Kennedy is 2013 recipient of the Translational Research Institute’s KL2 Mentored Research Career Development Award. His primary collaborator at UNM, Darrell Dinwiddie, Ph.D., is also a KL2 recipient.

Sean Adams, Ph.D.

Sean Adams, Ph.D.

The pilot award is expected to strengthen their ongoing KL2 research programs by uniquely blending their expertise in genetics, next-generation sequencing, virology, clinical infectious disease, and allergy and immunology.  The project, which will enroll 100 pediatric patients, involves two distinct populations with differing respiratory infection patterns.

The UAMS – KUMC project is titled “Metabolomics Signatures That Occur in Alzheimer’s Disease (AD) Patients With and Without Type 2 Diabetes in Comparison to Controls (non-AD) With or Without Type 2 Diabetes.”  The two institutions are combining their expertise in Alzheimer’s disease and type 2 diabetes (KUMC), and metabolomics and bioinformatics in metabolic disease states including type 2 diabetes (UAMS). They anticipate their work will provide key information on the links between type 2 diabetes and Alzheimer’s. It will also provide metabolic-based information on the cause and development of Alzheimer’s and possibly highlight therapeutic targets.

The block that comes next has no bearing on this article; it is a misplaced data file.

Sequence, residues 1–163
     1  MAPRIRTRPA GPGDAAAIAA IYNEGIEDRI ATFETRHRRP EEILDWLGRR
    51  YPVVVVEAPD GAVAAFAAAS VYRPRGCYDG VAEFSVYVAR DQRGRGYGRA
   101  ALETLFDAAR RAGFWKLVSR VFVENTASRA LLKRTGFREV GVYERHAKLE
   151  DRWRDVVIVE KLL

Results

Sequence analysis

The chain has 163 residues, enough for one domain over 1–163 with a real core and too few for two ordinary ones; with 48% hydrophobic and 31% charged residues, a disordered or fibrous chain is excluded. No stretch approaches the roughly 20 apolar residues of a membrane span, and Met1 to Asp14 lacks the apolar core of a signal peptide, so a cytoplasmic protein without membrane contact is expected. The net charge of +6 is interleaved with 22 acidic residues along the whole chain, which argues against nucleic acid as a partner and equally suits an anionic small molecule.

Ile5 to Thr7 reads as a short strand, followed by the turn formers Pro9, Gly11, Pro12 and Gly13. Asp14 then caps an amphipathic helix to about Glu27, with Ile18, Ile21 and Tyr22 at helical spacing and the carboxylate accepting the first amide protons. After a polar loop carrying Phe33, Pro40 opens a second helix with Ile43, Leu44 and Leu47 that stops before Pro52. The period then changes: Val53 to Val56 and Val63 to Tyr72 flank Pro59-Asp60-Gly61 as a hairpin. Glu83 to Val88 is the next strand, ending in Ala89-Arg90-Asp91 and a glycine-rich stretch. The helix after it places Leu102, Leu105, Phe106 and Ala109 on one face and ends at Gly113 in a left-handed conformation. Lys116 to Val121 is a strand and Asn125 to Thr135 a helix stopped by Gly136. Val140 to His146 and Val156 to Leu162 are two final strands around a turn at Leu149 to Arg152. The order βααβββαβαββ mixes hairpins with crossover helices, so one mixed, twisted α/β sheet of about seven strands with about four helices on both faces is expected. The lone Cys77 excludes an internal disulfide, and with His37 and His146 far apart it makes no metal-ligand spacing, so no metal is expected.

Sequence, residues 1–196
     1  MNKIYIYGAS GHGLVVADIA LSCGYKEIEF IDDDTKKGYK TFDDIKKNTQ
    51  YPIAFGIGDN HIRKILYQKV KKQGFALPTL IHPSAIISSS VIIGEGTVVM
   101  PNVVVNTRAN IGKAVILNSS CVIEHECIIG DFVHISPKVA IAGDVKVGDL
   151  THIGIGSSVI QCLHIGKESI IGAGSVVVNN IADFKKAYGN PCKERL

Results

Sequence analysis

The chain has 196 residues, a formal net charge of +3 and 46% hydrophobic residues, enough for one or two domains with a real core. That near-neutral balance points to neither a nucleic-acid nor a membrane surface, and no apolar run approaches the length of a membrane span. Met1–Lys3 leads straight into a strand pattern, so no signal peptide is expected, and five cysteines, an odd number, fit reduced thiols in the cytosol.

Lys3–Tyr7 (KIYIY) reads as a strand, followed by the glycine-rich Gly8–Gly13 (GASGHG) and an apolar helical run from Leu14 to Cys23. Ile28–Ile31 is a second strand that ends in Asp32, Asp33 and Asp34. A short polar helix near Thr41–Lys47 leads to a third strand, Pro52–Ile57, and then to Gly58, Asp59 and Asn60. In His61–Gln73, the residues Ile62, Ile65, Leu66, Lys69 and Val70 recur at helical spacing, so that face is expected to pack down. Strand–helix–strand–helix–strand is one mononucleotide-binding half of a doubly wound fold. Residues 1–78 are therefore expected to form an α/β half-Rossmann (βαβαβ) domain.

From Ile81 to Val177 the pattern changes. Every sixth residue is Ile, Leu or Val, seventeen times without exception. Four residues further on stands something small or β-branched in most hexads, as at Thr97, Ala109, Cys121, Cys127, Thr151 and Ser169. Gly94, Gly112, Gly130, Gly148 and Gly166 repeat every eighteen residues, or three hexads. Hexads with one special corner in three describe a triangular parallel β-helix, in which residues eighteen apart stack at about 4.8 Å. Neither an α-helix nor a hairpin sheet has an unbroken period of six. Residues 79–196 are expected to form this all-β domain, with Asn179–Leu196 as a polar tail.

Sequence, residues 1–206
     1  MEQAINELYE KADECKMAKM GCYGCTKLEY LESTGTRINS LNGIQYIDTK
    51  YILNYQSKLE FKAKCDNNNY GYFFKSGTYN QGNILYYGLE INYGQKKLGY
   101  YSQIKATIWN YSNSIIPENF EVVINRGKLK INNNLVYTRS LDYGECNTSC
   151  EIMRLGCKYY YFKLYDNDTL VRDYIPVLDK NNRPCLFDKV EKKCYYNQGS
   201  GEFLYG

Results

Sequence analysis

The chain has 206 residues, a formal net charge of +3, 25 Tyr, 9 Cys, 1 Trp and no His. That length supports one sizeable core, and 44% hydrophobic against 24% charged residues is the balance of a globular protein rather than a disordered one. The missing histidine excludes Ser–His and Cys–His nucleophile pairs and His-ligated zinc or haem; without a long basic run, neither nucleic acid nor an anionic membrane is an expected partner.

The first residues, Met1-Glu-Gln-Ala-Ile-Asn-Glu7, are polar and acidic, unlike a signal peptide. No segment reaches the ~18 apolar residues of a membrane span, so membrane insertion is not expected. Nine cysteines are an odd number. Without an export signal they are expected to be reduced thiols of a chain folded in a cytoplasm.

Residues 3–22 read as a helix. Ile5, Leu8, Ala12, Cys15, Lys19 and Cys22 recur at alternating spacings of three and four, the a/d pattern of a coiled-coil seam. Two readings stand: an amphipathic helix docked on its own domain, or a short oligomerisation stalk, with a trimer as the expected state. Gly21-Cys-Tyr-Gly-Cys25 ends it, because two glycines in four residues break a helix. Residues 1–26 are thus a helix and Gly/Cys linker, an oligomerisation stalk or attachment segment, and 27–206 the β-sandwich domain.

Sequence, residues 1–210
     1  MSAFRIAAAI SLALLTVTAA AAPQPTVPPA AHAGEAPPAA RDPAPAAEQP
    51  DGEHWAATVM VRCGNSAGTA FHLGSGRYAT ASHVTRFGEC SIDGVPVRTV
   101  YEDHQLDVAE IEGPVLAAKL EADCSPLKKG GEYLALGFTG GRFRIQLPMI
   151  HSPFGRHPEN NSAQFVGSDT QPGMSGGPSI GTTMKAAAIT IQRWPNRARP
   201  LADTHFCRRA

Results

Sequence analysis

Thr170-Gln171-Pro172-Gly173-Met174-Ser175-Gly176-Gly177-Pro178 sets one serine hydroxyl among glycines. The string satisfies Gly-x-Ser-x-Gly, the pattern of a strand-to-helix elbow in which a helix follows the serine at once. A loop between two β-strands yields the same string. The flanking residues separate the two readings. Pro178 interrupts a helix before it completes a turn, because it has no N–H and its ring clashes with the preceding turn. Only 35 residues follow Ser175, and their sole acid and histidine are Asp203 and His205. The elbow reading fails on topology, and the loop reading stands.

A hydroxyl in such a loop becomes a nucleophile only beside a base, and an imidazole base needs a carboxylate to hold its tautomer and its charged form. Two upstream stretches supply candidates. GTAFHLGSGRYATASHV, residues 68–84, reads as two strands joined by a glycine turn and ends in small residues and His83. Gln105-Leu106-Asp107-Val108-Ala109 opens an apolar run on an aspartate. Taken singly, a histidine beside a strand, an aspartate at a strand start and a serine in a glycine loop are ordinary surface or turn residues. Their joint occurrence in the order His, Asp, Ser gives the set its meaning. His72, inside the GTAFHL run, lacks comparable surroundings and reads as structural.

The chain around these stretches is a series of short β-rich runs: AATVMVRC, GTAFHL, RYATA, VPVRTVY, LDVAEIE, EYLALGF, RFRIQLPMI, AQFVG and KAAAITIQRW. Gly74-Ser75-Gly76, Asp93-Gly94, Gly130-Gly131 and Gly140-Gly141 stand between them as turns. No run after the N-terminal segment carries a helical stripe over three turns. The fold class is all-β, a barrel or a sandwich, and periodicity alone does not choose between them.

Other researchers on the project are UAMS’ Kartik Shankar, Ph.D., and KUMC’s Jill Morris, Ph.D., and Brian Piccolo, Ph.D.

 

UAMS TRI, Community Groups Celebrate Research Partnerships

Nov. 20, 2015 | Twenty-five community groups were honored Nov. 13 for their contributions to research at the 3rd annual Community Partner Celebration sponsored by the UAMS Translational Research Institute (TRI).

TRI Community Advisory Board members Naomi Cottoms, Charles Moore and Ann Huff with Kathryn Hall-Trujillo (center).

TRI Community Advisory Board members Naomi Cottoms, Charles Moore and Anna Huff Davis with Kathryn Hall-Trujillo (center).

The celebration, at the Center at University Park in Little Rock, included welcome remarks from TRI Director Laura James, M.D., and UAMS Chancellor Dan Rahn, M.D. The keynote speaker was Kathryn Hall-Trujillo, M.P.H., founder of the Birthing Project USA, which began as a community project to assist pregnant women and has been replicated in other countries.

The key message to the 88 attendees representing 21 grassroots community organizations and four advisory boards, was how important their work is to finding solutions to society’s most challenging health problems.